Lionel Messi following Chelsea and some of their players on Instagram the day that Barcelona went into meltdown was no coincidence.
A player like Messi knows that each and every one of his moves is put under the spotlight, so to do this while he was already being closely scrutinised was clearly deliberate.
Messi had attracted attention earlier in the day for pulling out of the traditional open training session on the eve of Epiphany, with gastroenteritis.
Messi posted on Facebook, per Sport: "I would have liked to have been in the Christmas training session. I never miss it but sometimes there are things you cannot control. I hope the dreams of all the children come true. A hug."
Instead of being the main attraction for the thousands of supporters gathered at the Mini Estadi to watch their heroes train, or visiting hospitals like some of the other players did later in the day, he was at home, following Chelsea on Instagram.
While creating rumours over transfer moves based on a footballer’s social media activity understandably draws eye-rolls from most readers, this time it’s different.
Regardless of whether Messi is going to Chelsea or not, he obviously wanted to kick up a stink on a day in which Barcelona had already devolved into, as Sport labelled it, “Total Crisis.”
So is Messi angling for change internally, at Barcelona, or does he want to try his luck at Chelsea with Jose Mourinho?
There are strong arguments to be made on either side. Let’s start by analysing the chances of him moving to west London.
Messi does not like how he has been used this season. Under Tata Martino last year he was moved out to the right wing for the Champions League quarter-final second leg against Atletico Madrid, and it failed.
Martino wanted Cesc Fabregas to play in the central attacking role, given that Messi and Barcelona had failed to breach Thibaut Courtois’ net in several attempts. Messi put in a lethargic, heartless performance, as the Catalans spluttered to a stop and were kicked out of the competition.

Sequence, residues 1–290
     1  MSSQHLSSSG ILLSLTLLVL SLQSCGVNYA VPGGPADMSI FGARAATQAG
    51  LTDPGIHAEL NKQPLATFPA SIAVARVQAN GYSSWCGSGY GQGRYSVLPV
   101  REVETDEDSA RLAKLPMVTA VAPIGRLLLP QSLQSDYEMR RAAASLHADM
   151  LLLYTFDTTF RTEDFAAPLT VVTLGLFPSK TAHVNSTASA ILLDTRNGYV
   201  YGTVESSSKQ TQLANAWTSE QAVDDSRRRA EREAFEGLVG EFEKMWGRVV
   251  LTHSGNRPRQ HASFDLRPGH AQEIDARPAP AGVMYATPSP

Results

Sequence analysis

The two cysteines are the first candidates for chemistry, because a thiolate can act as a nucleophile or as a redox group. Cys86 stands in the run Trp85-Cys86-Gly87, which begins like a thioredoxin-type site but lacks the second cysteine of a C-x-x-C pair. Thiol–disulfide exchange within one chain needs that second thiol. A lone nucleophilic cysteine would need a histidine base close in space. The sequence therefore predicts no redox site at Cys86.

This season, Messi’s been occupying the role on the right a lot, with Luis Suarez handed more of a striker’s berth.
The Argentine has been performing fairly well, if not quite at his best level, but would be happier playing in the false nine role that saw him help Pep Guardiola’s Barcelona become the best club side in history.
Furthermore, it’s not just where he plays, it became a question on Sunday of “if” he plays. Luis Enrique put Messi on the bench for Barcelona’s game against Real Sociedad and some might say he got what he deserved in a 1-0 defeat.
Messi wants to play every match he can. Having been given extra holiday by Enrique, the Argentine would never have expected the coach to leave him out of the side for the next game.
It was a bizarre sight, seeing Messi next to Neymar, Gerard Pique and Ivan Rakitic on the bench, watching on as Jordi Alba put through his own net and Barcelona fell to defeat.
Plenty of sources say that Messi is enraged with coach Luis Enrique and doesn’t believe in his system or strategy. Marca wrote:
According to Spanish radio station COPE, the Argentine believes that it will not be possible to change the team's current situation with Luis Enrique in the dugout.
Word has also come out from Messi's cohort that the coach makes decisions without guidance from his colleagues and considers himself to be the bee's knees. The Argentine is also said not to understand why the board supports him.
Furthermore, Ramon Besa wrote in El Pais, h/t Dermot Corrigan's ESPN FC analysis of the situation:
Nothing concerns the fans more than the situation of Messi, the only figure who has not been whistled by the crowd. The No. 10 is fed up with losing and does not see victories under Lucho. It is not a problem of players but of play, the way in which the coach tries to win over Messi to make Barcelona improve.
Former Barcelona star Hristo Stoichkov has criticised the club for not treating Messi in the right way.